Furthermore, a major plus is access to Georgia’s array of top universities and supply chain professionals, including the Atlanta branch of the Council of Supply Chain Management Professionals (CSCMP).

“We have partnered with and financially support the local CSCMP chapter to help further their cause and to work with local supply chain professionals,” says Dunsmore, who adds that a past nVision executive served as the Atlanta chapter’s president.

One of the most significant changes in logistics that has occurred in recent years is an increased demand for visibility and tracking shipments in transit—a demand that can be satisfied by nVision’s Impact TMS. Companies are looking for more ways to save—with solutions provided by nVision’s freight audit, TMS and claims products.

nVision has adapted to the supply chain challenges of recent years with continuous TMS enhancements, enabling the processing of global parcel shipments, application programming interfaces (API) integrations with transportation providers and enterprise resource planning (ERP) platforms; customs integration and documentation capabilities; and an updated and enhanced business analytics platform, notes Dunsmore.

“We have refined our Transportation Management Solution for our global customers to ensure it has all the features they need to seamlessly integrate their internal systems, their suppliers, and all transportation providers into a single application,” Dunsmore says. “The TMS seamlessly integrates with our Global Freight Audit & Payment platform as well.”

The company’s stature throughout the world is enhanced by its Georgia home, he says. “With so many large corporations, we are able to target them as potential customers,” Dunsmore says, adding that each region of the world requires familiarity and expertise.

“We have spent more than 30 years designing and developing some of the best solutions worldwide to address global freight management,” he says. “Our global infrastructure gives us the ability to manage global supply chains utilizing our global control towers within the regions.”

“While headquartered in Atlanta, we focus on global companies to partner with and that is why we have offices
all over the world.
We have refined our Transportation Management Solution
for our global customers.”

-Stewart Dunsmore
Senior Vice President, Supply Chain Services, nVision Global

JIT Warehousing & Logistics: Family and Future

When all is said and done, it is the job of logistics professionals to get your cargo from here to there seamlessly and with as few detours as possible. That does not mean there are no twists and turns along the way, but a quality logistics provider makes the needed adjustments without interrupting the flow.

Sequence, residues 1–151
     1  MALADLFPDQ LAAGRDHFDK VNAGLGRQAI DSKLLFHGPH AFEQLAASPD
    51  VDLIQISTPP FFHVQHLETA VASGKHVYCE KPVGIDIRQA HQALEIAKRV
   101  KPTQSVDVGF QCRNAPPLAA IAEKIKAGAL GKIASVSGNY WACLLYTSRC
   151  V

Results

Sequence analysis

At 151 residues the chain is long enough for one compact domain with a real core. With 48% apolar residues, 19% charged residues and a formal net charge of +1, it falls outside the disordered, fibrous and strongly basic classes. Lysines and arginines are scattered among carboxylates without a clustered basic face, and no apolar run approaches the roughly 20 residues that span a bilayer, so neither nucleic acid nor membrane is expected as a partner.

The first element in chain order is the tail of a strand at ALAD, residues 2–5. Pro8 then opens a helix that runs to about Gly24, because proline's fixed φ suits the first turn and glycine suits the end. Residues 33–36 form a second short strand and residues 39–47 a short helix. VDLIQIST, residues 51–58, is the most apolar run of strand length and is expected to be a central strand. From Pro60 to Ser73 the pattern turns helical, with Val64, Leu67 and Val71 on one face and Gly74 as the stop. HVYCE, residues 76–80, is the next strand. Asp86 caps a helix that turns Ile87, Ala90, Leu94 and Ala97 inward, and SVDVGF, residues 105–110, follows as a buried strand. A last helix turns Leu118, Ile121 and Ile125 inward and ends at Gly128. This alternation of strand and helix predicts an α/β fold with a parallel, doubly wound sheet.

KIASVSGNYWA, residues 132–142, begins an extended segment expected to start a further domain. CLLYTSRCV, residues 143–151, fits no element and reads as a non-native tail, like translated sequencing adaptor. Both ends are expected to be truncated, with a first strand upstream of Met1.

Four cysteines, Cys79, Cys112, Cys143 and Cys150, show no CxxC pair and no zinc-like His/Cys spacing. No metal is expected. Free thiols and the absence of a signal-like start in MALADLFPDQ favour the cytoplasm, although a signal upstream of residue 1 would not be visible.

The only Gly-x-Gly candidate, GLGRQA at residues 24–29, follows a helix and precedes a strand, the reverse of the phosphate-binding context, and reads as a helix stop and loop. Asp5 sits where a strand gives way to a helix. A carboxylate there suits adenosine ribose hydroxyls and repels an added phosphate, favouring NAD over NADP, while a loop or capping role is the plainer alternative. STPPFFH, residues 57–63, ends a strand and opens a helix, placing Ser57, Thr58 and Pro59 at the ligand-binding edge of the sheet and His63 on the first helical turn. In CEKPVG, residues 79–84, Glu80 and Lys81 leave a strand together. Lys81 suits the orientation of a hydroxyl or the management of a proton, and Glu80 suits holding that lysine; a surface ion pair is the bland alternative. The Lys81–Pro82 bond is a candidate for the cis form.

Georgia’s logistics professionals get it. And they lead the way in making the adjustments necessitated by supply chain challenges that have caused so much disarray elsewhere.

Savannah-based JIT Warehousing & Logistics serves as a prominent example. As the company’s name implies, JIT’s mission is to deliver just-in-time service to its clients.

Vice President Anna Lockwood cites the driver and labor shortages that have bedeviled the industry as a primary challenge that the pros have taken in stride. Offering competitive wages and incentives has been key to maintaining JIT’s quality service and labor.

“We’ve grown our over-dimensional division with an additional crane yard and added trucks and specialized trailers and equipment,” she adds.

JIT responded to meet a surge of imports. While the surge has now ebbed, she says, the issue was the catalyst for a long-lasting benefit: “We grew to accommodate and then, when the influx leveled off, we have maintained diversity to keep that growth,” Lockwood says.

Like many Georgia logistics firms, JIT is a family business. Other family members include President and Founder Ben Goldberg, Executive Vice President Evelyn Goldberg-Davis, and Vice President Trevor Lockwood.

The company has been in operation for more than three decades and enjoys both the literal—it is located just a half mile from the GPA’s Ocean Terminal and about 3.5 miles from the Garden City Terminal—as well as historical advantages of its deep roots in the logistics state.

At the same time, JIT keeps its vision on the future. “We have explored using CNG trucks and now have five in our fleet,” Lockwood says, adding that some of the older diesel-consuming trucks have been traded in to make way for the more modern vehicles.

JIT also is building an additional 240,000-square-foot Norfolk Southern-served rail facility to handle more export commodities.

In addition to operating facilities on the Norfolk Southern rail line, JIT maintains several other Savannah locations offering more than 750,000 square feet of warehouse space.

JIT is exploring strategies to keep the business robust regardless of whatever economic challenges—pandemic-related or not—that may place obstacles in the road down the line. “JIT is finding additional avenues to maintain business with importers through not only our local terminal but also through other terminals back to our local facilities,” , Lockwood says.

“Due to our variety and capabilities, we are a first call for problem solving for many of the lines and entities that work alongside the GPA,” she says.

It is precisely this level of cooperation and collaboration that keeps logistics as a constant Georgia state of mind.